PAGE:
I grew up as an only child. When I was very young, before starting kindergarten, I spent a great deal of time playing by myself. I was either a natural born introvert or I adapted to that circumstance early on (there weren’t a lot of playmates around) and was perfectly happy amusing myself. Current science on introverts

says it’s probably in our DNA. My mother was a real extrovert, but my dad was a solitary brooder. He could fake extroversion if he had to and I appear to have inherited that ability—but I am unquestionably an introvert. However, I only brood some of the time.

We lived in a strange little house on a vast lot. It consisted of four beach cabins (those turn of the nineteenth century changing/camping cabins that sat on the sand) which had been strung together to make the core of a small house: two bedrooms, one bath. Add-ons on the back gave it a kitchen, a laundry room, and later a den. Because of its origin as beach cabins the front porch sported four front doors which confused the heck out of salespeople and first-time visitors. The backyard was enormous, taken up by a huge vegetable garden on the northwest side and on the southwest side by a tumble-down pair of shacks referred to as “the garage,” though no vehicles ever parked there. Mostly it held my father’s vast collection of tools and whatever odds and ends of junk he decided to hold on to.

On the front of the lot sat a giant California bungalow style house where our landlady lived. Sandwiched between these two houses was a smallish “front yard” which I loved to play in, especially in a tight little corner (maybe ten feet square) on the northeast side where the two houses were closest to each other. This alcove had a fence on the north holding a massive cascade of yellow climbing roses and against the west side a thick growth of calla lilies underneath my bedroom window. My alcove was shaded by the proximity of the two houses and the fence, always cool in the summertime, and protected in winter. The grass seemed softer there, somehow, and hugged by the houses it was a cool, quiet, secluded place for my imagination to run free.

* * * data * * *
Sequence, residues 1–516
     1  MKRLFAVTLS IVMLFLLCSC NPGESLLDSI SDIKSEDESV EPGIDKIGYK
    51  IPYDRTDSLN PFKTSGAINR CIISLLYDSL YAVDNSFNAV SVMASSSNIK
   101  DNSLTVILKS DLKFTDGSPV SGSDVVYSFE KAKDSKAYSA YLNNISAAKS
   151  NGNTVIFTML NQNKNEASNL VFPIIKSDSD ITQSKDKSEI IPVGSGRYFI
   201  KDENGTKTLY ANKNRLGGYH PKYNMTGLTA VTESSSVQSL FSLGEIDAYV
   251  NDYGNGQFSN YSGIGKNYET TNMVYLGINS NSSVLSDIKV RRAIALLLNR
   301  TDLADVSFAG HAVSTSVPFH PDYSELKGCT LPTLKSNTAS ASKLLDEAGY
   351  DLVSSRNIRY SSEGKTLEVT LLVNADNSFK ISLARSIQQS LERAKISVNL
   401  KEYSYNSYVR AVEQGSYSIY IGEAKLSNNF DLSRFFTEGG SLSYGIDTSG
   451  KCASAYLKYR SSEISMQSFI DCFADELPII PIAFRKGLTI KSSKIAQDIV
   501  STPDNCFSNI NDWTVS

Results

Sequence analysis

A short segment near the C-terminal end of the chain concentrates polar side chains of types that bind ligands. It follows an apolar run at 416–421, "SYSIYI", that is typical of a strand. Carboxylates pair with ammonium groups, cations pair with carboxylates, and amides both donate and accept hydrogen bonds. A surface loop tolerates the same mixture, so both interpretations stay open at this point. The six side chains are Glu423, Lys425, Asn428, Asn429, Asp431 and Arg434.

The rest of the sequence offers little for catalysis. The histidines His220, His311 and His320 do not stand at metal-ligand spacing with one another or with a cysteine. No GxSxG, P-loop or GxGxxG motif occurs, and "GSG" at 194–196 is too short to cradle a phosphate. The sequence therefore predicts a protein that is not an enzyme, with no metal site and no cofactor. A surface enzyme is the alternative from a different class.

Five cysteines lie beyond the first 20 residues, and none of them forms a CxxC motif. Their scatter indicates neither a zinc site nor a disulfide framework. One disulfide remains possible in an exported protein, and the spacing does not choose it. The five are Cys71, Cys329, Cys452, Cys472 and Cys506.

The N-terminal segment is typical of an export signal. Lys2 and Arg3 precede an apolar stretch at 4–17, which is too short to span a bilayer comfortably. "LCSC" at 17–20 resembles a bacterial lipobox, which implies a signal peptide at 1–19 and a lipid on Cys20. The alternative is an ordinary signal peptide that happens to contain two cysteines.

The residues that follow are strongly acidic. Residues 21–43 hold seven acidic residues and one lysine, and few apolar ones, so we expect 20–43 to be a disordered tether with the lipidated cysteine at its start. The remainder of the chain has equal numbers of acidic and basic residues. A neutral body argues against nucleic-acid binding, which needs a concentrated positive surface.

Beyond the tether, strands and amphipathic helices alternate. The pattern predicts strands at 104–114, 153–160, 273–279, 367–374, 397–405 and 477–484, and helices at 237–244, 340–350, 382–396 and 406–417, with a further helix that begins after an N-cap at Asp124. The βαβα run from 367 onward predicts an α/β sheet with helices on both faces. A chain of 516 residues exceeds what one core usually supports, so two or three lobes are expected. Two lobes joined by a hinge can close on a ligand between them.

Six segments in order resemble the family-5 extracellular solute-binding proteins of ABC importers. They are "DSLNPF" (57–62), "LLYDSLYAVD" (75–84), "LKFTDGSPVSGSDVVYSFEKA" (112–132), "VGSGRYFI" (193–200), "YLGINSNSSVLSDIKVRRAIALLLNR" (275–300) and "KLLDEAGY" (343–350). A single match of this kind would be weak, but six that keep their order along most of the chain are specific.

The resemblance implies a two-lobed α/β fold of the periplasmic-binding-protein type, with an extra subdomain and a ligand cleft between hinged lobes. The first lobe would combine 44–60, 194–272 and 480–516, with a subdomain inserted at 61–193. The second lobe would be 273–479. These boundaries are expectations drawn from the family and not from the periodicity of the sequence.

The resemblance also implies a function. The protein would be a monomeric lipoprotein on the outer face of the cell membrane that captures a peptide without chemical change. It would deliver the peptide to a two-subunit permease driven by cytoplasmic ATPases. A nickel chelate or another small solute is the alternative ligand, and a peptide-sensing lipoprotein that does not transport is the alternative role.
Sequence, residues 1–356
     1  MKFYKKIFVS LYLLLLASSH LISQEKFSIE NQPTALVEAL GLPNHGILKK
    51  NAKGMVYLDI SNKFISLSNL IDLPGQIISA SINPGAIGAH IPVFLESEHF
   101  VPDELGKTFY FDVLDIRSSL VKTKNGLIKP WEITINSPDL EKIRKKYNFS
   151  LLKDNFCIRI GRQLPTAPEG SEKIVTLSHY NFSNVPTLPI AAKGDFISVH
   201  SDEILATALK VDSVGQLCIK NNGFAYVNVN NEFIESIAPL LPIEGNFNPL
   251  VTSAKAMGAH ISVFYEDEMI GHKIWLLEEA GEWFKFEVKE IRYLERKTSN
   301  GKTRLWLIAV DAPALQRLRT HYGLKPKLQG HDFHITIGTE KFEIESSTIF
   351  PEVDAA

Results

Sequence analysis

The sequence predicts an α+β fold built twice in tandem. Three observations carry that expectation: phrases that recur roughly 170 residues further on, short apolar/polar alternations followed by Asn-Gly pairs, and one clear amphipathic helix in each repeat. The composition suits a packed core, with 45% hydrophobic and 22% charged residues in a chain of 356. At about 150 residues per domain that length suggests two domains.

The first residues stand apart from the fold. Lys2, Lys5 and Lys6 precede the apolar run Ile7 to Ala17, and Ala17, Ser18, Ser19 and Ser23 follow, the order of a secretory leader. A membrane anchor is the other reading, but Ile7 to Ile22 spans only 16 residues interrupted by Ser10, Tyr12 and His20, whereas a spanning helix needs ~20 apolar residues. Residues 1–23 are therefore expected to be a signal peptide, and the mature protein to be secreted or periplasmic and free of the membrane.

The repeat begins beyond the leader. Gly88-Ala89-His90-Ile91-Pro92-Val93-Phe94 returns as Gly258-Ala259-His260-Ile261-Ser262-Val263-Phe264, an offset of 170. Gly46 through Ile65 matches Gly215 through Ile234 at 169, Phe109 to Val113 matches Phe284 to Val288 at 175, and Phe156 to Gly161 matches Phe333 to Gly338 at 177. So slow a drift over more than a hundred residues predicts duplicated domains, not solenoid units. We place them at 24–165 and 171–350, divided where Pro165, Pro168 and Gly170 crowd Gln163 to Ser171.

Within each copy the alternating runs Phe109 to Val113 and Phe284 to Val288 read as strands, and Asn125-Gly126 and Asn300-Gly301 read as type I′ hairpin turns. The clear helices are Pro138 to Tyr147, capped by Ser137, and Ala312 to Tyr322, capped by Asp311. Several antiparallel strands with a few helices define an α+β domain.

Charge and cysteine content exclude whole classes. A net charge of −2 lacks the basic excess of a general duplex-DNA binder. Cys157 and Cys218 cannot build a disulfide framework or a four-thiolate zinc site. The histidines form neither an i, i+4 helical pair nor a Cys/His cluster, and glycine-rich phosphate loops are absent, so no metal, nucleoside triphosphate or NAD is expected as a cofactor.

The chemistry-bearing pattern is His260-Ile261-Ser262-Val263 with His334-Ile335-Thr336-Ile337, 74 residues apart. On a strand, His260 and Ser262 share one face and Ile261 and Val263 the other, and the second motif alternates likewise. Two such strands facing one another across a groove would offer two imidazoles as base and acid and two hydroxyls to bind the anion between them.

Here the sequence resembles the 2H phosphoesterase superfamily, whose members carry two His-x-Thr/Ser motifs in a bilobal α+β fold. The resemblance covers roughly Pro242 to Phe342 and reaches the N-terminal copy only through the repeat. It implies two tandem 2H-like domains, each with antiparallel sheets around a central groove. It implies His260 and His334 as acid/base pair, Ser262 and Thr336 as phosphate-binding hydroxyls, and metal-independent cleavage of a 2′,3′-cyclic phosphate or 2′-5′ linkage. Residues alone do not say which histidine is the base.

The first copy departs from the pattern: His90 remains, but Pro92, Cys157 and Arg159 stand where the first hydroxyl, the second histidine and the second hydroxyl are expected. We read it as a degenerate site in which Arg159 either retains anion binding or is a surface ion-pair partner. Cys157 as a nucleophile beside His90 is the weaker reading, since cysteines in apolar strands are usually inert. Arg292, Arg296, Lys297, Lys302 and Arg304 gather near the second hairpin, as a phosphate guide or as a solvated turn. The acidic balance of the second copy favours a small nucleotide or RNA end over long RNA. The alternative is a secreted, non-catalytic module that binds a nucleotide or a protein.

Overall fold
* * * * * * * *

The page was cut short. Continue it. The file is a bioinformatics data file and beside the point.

It was during these solitary play dates with myself that I developed a strange “ability.” I was maybe three or four at the time. I came to believe—though what magical thinking led me to this conclusion is lost to time—that if I jumped into the air with a certain attitude, a kind of unqualified belief mindset (though I could hardly have categorized it that way to myself at the time), I could float in the air until I chose to come back to earth. I used to “do” this frequently. I clearly remember this feeling of my feet leaving the ground and me hovering—usually a few feet above the ground—floating but still me, still in my body. But one day I jumped into the air and felt lighter, more insubstantial, and I just kept going up. I remember floating past the roof line, up, up until I was maybe fifteen to twenty feet above it. I looked down on the shingles in shock. Then I looked up. I could see my father in the backyard working in the garden and that made me scared. I dropped back into my body with a thud. It was the only time I’d felt like I’d been out of my body, and I stood in shock for a minute then ran inside the house to hide in my bedroom. I don’t remember doing my floating trick again after that. In fact, I forgot all about it, as young children often do. Years later when I was eight or nine I suddenly remembered that I used to do that trick and tried to recapture the mindset but I never could. I jumped and jumped but inevitably came right back down to earth.

I’ve wondered, looking back as an adult, if during that extraordinary high air float I was actually astral projecting or having an out of body experience (OBE), but who knows?